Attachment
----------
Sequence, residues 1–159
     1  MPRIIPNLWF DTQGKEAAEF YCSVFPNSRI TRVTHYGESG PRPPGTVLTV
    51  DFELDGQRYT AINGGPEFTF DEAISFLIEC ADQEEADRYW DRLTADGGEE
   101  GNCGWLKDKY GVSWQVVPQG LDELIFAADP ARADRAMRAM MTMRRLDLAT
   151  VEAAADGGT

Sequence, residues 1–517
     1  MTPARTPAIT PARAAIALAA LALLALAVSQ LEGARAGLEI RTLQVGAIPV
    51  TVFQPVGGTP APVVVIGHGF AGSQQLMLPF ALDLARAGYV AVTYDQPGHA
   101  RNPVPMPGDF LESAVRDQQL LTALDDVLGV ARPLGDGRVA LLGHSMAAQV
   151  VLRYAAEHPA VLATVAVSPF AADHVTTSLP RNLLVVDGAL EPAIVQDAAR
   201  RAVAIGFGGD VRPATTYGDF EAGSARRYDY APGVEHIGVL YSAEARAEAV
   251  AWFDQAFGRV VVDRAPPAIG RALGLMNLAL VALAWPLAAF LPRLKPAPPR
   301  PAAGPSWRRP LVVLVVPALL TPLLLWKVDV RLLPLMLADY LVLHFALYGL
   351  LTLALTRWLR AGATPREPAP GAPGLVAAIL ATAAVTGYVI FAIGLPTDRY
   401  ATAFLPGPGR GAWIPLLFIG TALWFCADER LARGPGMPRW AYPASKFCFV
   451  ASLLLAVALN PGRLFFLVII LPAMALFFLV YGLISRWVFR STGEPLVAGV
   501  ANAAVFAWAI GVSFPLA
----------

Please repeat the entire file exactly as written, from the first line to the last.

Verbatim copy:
Sequence, residues 1–159
     1  MPRIIPNLWF DTQGKEAAEF YCSVFPNSRI TRVTHYGESG PRPPGTVLTV
    51  DFELDGQRYT AINGGPEFTF DEAISFLIEC ADQEEADRYW DRLTADGGEE
   101  GNCGWLKDKY GVSWQVVPQG LDELIFAADP ARADRAMRAM MTMRRLDLAT
   151  VEAAADGGT

Sequence, residues 1–517
     1  MTPARTPAIT PARAAIALAA LALLALAVSQ LEGARAGLEI RTLQVGAIPV
    51  TVFQPVGGTP APVVVIGHGF AGSQQLMLPF ALDLARAGYV AVTYDQPGHA
   101  RNPVPMPGDF LESAVRDQQL LTALDDVLGV ARPLGDGRVA LLGHSMAAQV
   151  VLRYAAEHPA VLATVAVSPF AADHVTTSLP RNLLVVDGAL EPAIVQDAAR
   201  RAVAIGFGGD VRPATTYGDF EAGSARRYDY APGVEHIGVL YSAEARAEAV
   251  AWFDQAFGRV VVDRAPPAIG RALGLMNLAL VALAWPLAAF LPRLKPAPPR
   301  PAAGPSWRRP LVVLVVPALL TPLLLWKVDV RLLPLMLADY LVLHFALYGL
   351  LTLALTRWLR AGATPREPAP GAPGLVAAIL ATAAVTGYVI FAIGLPTDRY
   401  ATAFLPGPGR GAWIPLLFIG TALWFCADER LARGPGMPRW AYPASKFCFV
   451  ASLLLAVALN PGRLFFLVII LPAMALFFLV YGLISRWVFR STGEPLVAGV
   501  ANAAVFAWAI GVSFPLA